After World War II, America’s increasingly suburban, car-obsessed culture began to abandon the local fountain for the novelty of drive-thrus and fast-food chains. The rise of mass-marketed bottled pop in the 1950s and 1960s eventually put fountains on the endangered species list, and today it’s estimated that fewer than 125 traditional soda fountains remain in the entire country.

 

Can an industry so defined by the past have an innovative future? If Darcy O’Neil, the bartender and blogger behind the website Art of Drink, has a say, phosphates, lactarts, and other fountain drinks may soon enjoy a revival. After growing frustrated trying to find a source of old fountain ingredients, he decided to draw on his training as a chemist and make his own. Now, operating under the moniker Extinct Chemical Company, O’Neil sells his mixtures to drink mixers all over the country, including Eben Freeman, the cocktail mastermind for the Altamarea restaurant group in New York. “It’s exciting—lactart seems to boost a drink, bringing out the character and flavors the way salt can in food,” says Freeman.

For Eric and Ryan Berley, the brothers behind the Franklin Fountain—a meticulously rebuilt turn-of-the-century fountain in Philadelphia that is frequented by locals and food cogno­scenti alike—the future of fountains is a question that is answered every day. The Franklin Fountain takes authenticity seriously: Behind the counter, the jerks sport crisp white period clothes and the menu is free of flavors that wouldn’t appeal to an Edwardian.

“We were pretty surprised when we started looking into old fountain recipes to see how dramatically tastes changed over time, how popular raw egg drinks used to be, and how little people seemed to care about chocolate,” says Eric. “People in the industry definitely thought we were crazy to be so faithful to the past.”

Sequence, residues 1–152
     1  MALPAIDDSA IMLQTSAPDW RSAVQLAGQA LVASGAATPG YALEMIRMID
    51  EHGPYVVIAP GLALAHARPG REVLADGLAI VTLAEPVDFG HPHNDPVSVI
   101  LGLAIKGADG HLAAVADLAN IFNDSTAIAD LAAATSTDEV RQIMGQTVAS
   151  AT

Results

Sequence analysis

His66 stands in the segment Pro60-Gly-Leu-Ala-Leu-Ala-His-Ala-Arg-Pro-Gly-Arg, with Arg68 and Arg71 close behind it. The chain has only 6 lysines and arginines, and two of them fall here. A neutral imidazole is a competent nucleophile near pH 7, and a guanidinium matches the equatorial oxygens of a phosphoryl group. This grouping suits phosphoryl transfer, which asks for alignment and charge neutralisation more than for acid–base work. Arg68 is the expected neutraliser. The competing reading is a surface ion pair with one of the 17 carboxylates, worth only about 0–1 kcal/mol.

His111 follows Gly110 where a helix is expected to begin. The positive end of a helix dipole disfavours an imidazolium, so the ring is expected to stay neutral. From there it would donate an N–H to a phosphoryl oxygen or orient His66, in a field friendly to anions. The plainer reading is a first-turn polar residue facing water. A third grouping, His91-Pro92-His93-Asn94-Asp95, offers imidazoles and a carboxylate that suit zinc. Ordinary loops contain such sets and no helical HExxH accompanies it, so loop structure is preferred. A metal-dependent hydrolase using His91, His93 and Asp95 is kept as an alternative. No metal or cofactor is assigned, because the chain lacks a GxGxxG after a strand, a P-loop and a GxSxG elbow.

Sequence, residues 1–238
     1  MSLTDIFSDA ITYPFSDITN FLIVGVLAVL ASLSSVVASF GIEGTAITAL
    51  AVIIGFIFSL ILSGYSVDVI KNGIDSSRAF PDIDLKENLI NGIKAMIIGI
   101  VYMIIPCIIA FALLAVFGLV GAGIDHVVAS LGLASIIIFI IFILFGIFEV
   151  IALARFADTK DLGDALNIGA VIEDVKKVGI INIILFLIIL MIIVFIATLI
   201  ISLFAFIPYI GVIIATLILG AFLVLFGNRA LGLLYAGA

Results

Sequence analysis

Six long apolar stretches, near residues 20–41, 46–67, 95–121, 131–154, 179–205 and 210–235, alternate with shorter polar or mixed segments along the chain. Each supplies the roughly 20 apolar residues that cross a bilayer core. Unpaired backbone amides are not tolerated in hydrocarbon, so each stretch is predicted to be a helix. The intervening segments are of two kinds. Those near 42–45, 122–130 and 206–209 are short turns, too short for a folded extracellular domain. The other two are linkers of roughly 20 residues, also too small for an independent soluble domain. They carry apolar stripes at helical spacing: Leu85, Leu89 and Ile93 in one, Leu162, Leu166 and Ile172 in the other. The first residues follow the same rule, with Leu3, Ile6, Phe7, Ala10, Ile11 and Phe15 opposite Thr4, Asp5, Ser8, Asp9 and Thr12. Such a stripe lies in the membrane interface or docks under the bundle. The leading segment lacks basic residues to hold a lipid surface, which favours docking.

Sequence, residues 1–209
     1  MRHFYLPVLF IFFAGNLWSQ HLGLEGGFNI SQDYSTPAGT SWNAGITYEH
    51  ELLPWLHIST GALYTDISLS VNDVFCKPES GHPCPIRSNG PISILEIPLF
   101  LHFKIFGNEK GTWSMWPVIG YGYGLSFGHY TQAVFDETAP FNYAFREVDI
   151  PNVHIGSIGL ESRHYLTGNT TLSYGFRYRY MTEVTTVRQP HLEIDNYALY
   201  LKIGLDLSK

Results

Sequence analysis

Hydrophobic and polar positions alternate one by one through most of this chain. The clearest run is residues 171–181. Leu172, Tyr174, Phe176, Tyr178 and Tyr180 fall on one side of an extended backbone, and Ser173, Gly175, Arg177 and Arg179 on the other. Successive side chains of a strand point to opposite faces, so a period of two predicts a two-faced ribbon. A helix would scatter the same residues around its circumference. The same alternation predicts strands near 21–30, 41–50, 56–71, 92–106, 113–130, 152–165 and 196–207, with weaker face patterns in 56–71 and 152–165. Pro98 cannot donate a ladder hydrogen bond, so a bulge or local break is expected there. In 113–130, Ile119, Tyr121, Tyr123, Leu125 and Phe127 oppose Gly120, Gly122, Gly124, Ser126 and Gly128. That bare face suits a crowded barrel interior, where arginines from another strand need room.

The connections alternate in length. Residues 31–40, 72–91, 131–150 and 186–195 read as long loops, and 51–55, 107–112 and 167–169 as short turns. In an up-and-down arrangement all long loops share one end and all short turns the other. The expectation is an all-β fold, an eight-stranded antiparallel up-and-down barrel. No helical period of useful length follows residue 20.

Still, the brothers Berley like to think of their approach as an homage to the golden era of the soda fountain, not a performance piece. Thus, some allowances have been made: Exotic offerings, like the Japanese Thirst Killer Phosphate—a blended soda of orgeat and grape syrups, Angostura bitters, and phosphate—are balanced by more approachable options, like the Cherry Bomb, a scoop of homemade chocolate ice cream floated in cherry soda. “At the end of the day, we’re just regular people, trying to run a business and make a good product,” says Ryan.

Indeed, in the end, the survival of the American soda fountain might balance on an idea as simple as that: demand for a high-quality product. After all, over the past decade, we’ve witnessed another remarkable renaissance: the resurrection of the cocktail. Drinkers who once settled for Seagram’s and Sprite now brew their own bitters and barrel-age Negronis. Shouldn’t it stand to reason that eventually they’ll insist on better sodas, too?

Until then, soda fountain maestros carry the torch. We’re lucky to have these ambassadors of deliciousness, repositories of history, and touchstones of their community. Peter Freeman’s mother sums it up well: “Some moms say, ‘Look at my son the lawyer, my son the doctor.’ I’m proud to say, ‘My son the jerk.’ ”

Sarah Karnasiewicz is a freelance writer based in Brooklyn, New York; her work has appeared in the New York Times, Rolling Stone, and other publications. Excerpted from Imbibe, a Portland-based magazine celebrating the people, places, flavors, and cultures of drinks.www.imbibemagazine.com   

168-cover-thumb.jpgHave something to say? Send a letter to editor@utne.com. This article first appeared in the November-December 2011 issue of Utne Reader.